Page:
After School, Nighttime Snacks
Let’s be honest, who doesn’t want a sweet treat after a hard day of teaching? It’s fine to treat yourself, but your body will be much happier if these treats pack in nutrients, too.
A banana, a tsp. of cocoa powder, a cup of almond milk, and a little protein shake powder = chocolaty, sweet goodness without any sugar. My favorite shake mix is PlantFusion Complete Plant Protein (Natural Flavor) – you can mix it with anything and it tastes good, plus I love that it’s made from plants and not a whole bunch of artificial stuff that you can’t pronounce.
In Costa Rica, I had a delicious smoothie of mango (I get frozen mango chunks and defrost them), cocoa powder, almond milk, tahini, and peanut butter. Scrumptious! Looking for other kinds of smoothies? Type “smoothies” into Pinterest and you’ll find a bazillion tantalizing recipes. Warning: You could get sucked into Pinterest for hours!
11. Frozen Bananas with Chocolate
Ok – so this isn’t perfectly healthy, but it’s better for you than a nighttime bowl of ice cream. Peel bananas, cut them in half, stick them on a popsicle stick or a popsicle mold stick, and freeze them. Melt some chocolate in the microwave and use a knife to coat the banana. It will freeze instantly. Delicious!
12. Peanut Butter Oatmeal Cookies
These are so delicious and easy to make! They’re usually gone within a day or two at my house. Recipe listed below or get a printable version in my Free Resource Library. After you sign up, check your email for the password and access link.
Hope all this yummyness gives you the energy you need to make it through the day and stay healthy at school! If you have ideas that I should add to this list, let me know in the comments section.
Healthy Teacher Recipes
Preheat oven to 375 degrees.
1/2 c flour
1/2 c whole wheat flour ( I use gluten free flour for the first 2 ingredients and it tastes fine.)
1 c oats
2/3c-3/4 c brown sugar or 1/3 cup maple syrup or 1/3 cup honey or agave syrup (if you’re using a liquid sugar, don’t add it in until
1 Tbsp. cinnamon
2 tsp. baking soda
1 tsp. baking powder
1/2 tsp. salt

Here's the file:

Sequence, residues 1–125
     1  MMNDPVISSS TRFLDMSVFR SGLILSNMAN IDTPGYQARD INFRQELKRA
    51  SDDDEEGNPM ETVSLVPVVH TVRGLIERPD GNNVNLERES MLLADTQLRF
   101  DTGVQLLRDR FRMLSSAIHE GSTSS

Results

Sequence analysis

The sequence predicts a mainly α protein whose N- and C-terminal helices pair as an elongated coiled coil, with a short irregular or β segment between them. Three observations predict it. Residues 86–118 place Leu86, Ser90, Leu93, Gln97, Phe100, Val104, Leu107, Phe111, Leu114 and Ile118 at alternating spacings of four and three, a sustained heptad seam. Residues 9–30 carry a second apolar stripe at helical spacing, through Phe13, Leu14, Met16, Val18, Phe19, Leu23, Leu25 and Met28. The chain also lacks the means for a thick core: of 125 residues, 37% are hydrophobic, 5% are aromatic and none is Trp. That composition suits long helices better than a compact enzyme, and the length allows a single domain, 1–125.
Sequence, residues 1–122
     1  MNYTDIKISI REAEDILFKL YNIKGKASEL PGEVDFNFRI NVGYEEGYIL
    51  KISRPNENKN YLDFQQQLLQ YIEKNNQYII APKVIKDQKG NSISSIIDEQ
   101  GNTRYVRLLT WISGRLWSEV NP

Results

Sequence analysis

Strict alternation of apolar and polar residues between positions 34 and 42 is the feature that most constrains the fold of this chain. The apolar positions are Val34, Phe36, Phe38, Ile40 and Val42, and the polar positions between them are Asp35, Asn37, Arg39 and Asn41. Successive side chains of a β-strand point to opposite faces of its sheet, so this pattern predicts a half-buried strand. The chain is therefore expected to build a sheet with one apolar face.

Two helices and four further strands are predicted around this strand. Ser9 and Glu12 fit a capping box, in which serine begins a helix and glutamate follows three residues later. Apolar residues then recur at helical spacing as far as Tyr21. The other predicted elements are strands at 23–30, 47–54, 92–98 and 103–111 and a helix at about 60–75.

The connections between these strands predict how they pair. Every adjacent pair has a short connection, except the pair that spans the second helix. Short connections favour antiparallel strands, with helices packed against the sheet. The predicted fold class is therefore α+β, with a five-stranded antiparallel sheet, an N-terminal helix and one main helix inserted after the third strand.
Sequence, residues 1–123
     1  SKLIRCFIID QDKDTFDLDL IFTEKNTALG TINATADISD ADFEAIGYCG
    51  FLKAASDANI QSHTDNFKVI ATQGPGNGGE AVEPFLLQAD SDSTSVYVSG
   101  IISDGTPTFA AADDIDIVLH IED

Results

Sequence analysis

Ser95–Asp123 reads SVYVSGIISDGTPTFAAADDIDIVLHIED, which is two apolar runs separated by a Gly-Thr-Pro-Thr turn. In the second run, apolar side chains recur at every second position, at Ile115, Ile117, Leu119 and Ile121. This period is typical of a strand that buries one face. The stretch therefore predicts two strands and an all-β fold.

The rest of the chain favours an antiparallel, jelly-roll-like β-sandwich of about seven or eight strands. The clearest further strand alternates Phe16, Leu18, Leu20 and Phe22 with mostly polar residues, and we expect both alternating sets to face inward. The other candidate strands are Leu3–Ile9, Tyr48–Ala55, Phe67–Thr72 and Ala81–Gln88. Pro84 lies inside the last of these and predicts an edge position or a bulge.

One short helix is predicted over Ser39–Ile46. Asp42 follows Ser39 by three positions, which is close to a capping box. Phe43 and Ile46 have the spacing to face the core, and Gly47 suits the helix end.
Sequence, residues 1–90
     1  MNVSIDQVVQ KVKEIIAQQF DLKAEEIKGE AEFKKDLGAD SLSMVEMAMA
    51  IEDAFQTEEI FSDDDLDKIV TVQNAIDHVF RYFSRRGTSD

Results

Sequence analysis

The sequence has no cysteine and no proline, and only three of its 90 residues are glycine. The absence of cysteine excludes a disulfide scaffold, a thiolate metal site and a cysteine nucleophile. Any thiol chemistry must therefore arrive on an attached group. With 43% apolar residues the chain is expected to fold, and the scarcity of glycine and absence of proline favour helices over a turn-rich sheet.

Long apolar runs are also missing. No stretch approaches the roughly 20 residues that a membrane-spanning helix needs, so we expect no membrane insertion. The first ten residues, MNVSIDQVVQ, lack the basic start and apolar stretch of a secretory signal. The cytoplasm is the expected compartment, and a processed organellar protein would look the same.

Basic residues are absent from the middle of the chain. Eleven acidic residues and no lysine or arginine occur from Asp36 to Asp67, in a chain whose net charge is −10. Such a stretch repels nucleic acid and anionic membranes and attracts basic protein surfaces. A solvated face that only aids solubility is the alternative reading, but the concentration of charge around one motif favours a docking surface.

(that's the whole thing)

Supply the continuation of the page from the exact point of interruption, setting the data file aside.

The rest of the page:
Mix all these together. Then add the next set of ingredients – these are the ones that you can play with.
2 large apples, grated or 2-3 mashed bananas
1 1/2 c grated carrots or zucchini or summer squash or pureed pumpkin or butternut squash (optional)
1 cup chopped walnuts or other nuts (optional)
1/2 c raisins or dried cherries or (my favorite blueberries or raspberries – I use frozen ones that I defrost)
1/2 c milk or milk substitute (I like almond milk)
1/4 c oil
Mix it all together and put into lightly greased muffin pans. Bake for 18-22 minutes (check after 18 – if you added more wet ingredients, they may need to cook longer). Just discovered these awesome silicon pans – so much easier to clean than regular pans. And you can use less oil.
Peanut Butter Oatmeal Cookies
1 1/3 cups all-purpose flour (can use gluten-free)
1 teaspoon baking powder
3/4 teaspoon baking soda
1 1/4 teaspoons ground cinnamon
1/2 teaspoon salt
2 cups oats (quick cooking or rolled)
1/2 cup canola oil
1/2 cup peanut butter
1/4-1/2 cup maple syrup or 1/2 cup sugar and 1/2 cup dark brown sugar
1/3 cup nondairy milk
1 egg (optional, but helps them stay together)
1 1/2 teaspoons vanilla extract
Preheat oven to 350° F.
Lightly grease two baking sheets (I now use silicon sheets instead of using oils – so much easier to clean and you don’t need to grease them!)
Mix the dry ingredients. Add the other ingredients and mix.
Bake for 12 to 14 minutes, until the edges just begin to brown.